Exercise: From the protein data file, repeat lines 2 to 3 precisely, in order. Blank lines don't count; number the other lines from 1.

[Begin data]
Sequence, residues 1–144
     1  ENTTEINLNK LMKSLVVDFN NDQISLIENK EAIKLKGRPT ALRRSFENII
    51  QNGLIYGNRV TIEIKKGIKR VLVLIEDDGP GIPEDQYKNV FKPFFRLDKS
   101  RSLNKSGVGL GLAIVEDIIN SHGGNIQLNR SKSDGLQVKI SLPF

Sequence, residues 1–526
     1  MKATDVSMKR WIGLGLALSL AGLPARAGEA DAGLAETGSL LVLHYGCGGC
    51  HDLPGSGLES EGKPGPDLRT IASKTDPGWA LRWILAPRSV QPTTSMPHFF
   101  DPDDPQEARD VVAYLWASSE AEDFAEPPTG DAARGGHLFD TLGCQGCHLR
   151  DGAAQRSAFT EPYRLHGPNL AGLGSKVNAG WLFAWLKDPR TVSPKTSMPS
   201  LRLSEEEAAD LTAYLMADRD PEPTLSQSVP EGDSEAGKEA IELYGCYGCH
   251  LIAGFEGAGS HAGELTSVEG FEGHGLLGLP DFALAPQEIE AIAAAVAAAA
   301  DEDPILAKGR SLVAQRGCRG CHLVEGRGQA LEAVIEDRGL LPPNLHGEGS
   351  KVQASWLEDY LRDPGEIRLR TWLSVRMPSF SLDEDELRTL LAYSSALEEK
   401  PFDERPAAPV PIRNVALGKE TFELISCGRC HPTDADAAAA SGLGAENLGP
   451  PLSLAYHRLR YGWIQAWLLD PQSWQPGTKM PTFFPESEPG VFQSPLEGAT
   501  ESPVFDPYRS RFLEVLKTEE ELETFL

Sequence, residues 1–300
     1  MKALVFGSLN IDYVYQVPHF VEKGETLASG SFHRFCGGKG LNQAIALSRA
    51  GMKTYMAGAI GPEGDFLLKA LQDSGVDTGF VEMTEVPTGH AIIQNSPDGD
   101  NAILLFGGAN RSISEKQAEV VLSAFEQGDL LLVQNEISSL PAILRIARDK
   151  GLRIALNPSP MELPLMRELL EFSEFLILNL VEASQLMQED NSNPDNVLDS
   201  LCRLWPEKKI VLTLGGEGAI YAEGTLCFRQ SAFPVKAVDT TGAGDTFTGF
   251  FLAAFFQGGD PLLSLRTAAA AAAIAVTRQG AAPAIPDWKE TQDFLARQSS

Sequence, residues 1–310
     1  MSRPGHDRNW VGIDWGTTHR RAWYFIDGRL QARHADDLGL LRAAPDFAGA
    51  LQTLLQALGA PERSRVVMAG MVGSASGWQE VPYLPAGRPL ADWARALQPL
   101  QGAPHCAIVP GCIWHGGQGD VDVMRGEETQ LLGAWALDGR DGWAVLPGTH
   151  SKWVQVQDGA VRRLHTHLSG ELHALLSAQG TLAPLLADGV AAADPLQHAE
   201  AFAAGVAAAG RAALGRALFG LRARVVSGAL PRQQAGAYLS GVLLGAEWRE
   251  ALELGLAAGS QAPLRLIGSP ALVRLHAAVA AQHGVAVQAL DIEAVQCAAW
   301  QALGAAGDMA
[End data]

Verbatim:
     1  ENTTEINLNK LMKSLVVDFN NDQISLIENK EAIKLKGRPT ALRRSFENII
    51  QNGLIYGNRV TIEIKKGIKR VLVLIEDDGP GIPEDQYKNV FKPFFRLDKS